Arif started out by cutting loss-making routes to Australia and suspending the opening of a new route to Japan. Until then, both countries were considered among the most strategic markets in boosting Garuda's brand image. He allocated the aircraft simply to where demand was growing, such as Saudi Arabia, where millions of Muslims go on pilgrimages every year, and China's second tier cities.

     To deal with ballooning interest expenses, he also flew to the Middle East to sell Islamic bonds, known as sukuk, to investors. After tough negotiations, the airline managed to issue $500 million in sukuk in May.

Cabin cuts

Costs were cut inside the cabin as well. First-class seats, which featured lavish services but were taking up space, were scrapped in some of its aircraft. New ones with all-economy configurations were introduced.

     For some, Arif's practical and quick approach may seem as an unlikely fit for a state-owned company that has been trying to establish Indonesia's presence in the world. But he reiterated, "If we are not making money, it will be difficult for the government."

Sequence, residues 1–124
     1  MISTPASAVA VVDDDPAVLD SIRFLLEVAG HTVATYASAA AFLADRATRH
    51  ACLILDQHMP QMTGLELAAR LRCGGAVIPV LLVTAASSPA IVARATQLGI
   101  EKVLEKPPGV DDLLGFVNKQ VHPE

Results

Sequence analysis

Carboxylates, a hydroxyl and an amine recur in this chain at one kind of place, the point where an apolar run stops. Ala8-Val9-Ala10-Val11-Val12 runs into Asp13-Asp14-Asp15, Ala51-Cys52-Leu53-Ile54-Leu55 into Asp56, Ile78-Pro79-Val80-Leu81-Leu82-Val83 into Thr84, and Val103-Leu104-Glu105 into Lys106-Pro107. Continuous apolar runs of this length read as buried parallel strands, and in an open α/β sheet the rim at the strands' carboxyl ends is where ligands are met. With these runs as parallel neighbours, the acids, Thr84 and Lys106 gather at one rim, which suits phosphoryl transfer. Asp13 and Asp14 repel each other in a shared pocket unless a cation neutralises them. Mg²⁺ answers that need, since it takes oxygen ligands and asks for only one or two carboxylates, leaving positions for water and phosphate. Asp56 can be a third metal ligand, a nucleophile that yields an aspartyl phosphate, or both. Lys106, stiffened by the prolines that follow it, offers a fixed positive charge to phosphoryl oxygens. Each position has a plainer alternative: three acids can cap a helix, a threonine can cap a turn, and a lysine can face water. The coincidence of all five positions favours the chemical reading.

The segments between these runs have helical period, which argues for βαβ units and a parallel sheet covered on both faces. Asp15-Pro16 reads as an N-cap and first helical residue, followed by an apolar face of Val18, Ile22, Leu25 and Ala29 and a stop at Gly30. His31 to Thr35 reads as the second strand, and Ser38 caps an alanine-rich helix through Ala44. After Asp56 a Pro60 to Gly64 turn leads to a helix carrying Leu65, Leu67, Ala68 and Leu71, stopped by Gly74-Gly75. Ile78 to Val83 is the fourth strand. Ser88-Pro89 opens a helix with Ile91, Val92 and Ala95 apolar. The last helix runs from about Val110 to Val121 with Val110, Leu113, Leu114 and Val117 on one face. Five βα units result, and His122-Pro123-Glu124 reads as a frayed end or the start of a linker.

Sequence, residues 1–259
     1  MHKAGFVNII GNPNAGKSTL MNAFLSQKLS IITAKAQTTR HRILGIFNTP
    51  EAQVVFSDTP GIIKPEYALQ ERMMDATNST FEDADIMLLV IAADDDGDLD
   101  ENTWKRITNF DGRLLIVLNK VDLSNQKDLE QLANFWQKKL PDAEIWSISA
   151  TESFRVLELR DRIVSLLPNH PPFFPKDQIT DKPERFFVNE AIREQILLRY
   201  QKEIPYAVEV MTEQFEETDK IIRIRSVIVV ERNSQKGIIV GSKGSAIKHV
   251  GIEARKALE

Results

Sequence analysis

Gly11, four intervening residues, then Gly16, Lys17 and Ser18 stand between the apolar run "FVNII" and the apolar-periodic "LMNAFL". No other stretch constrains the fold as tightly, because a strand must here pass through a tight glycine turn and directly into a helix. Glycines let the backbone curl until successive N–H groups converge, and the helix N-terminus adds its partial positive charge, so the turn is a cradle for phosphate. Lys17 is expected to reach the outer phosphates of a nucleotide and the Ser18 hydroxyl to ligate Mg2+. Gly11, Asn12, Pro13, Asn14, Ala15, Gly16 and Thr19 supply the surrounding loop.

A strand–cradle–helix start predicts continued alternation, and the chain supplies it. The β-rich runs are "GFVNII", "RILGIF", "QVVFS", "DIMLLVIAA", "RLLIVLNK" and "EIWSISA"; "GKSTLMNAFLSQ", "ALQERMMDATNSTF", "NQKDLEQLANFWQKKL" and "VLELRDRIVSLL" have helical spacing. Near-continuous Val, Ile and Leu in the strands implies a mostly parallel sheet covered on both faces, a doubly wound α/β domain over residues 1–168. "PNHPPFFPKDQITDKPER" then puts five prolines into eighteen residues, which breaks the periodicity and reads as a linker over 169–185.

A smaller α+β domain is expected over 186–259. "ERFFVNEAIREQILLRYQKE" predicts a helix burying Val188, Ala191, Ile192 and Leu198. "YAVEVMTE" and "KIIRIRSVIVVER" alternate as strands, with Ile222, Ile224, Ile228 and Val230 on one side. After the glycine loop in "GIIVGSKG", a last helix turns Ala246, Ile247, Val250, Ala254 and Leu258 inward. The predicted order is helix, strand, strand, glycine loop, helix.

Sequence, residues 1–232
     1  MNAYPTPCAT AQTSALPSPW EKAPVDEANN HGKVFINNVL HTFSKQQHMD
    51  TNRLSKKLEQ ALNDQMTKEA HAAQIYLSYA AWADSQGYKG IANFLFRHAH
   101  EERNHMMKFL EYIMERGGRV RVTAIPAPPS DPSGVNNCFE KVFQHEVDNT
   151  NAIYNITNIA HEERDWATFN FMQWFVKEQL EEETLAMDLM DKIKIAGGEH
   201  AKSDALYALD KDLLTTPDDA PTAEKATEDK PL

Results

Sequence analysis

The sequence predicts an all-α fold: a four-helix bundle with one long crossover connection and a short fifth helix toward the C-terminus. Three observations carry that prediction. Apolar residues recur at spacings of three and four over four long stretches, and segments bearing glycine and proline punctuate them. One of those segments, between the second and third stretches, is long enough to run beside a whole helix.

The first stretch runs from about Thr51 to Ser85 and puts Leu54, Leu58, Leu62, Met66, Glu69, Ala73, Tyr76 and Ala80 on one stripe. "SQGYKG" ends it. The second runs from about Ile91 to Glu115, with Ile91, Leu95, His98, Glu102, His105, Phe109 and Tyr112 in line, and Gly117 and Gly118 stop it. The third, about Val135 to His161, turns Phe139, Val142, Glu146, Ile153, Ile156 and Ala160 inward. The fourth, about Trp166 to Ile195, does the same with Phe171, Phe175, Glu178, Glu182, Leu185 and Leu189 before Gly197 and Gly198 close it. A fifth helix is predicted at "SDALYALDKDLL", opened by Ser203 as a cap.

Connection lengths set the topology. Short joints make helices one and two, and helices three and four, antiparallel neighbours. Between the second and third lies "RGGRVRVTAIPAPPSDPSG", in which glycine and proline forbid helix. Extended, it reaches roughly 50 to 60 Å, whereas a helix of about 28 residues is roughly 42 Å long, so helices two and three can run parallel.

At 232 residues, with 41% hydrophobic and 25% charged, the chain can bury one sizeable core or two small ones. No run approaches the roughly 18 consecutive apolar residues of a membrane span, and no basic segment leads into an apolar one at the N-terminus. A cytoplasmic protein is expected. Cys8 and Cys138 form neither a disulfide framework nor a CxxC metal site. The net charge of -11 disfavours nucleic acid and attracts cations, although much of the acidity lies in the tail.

Arif started out as an engineer and worked his way up, becoming a senior manager who oversaw Garuda's operations in Asia and the U.S. But his real challenge came when he was tapped in 2012 to head Citilink, Garuda's low-cost carrier brand. It was spun off from an internal division to compete with LCC rivals such as Lion Air and Malaysia's AirAsia, which were quickly gaining traction in the market. 

     Compared to its big rivals, Citilink had a much smaller fleet and budget. To survive, Arif relied heavily on data analytics to make swift changes on routes based on market demand. According to one executive who worked closely with him, he had an application developed which sent real time flight data to his smartphone.

     In March 2014, Citilink entered the regional market by opening a route between Surabaya and Malaysia's Johor Bahru. Quickly seeing the weak demand, it scrapped the route within two months. Instead, it focused on increasing the number of flights connecting major domestic cities such Jakarta, Surabaya and Medan.

     Citilink has since emerged as one of the group's few bright spots. Passengers surged from 2.8 million in 2012 to 7.5 million in 2014 and market share doubled to nearly 13%. It is on track for its first annual profit this year.

Climbing numbers

After 10 months since taking over the helm of Garuda, Arif's moves have started to bear fruit. In the first half of 2015, Garuda's load factor -- a measure of how full its aircraft are -- increased by 7 percentage points year on year to 76%, while passenger numbers surged 19% to 15.9 million, making up for the double digit decline in passenger yield. Helped by a plunge in oil prices, Garuda logged a $27 million profit for the same period.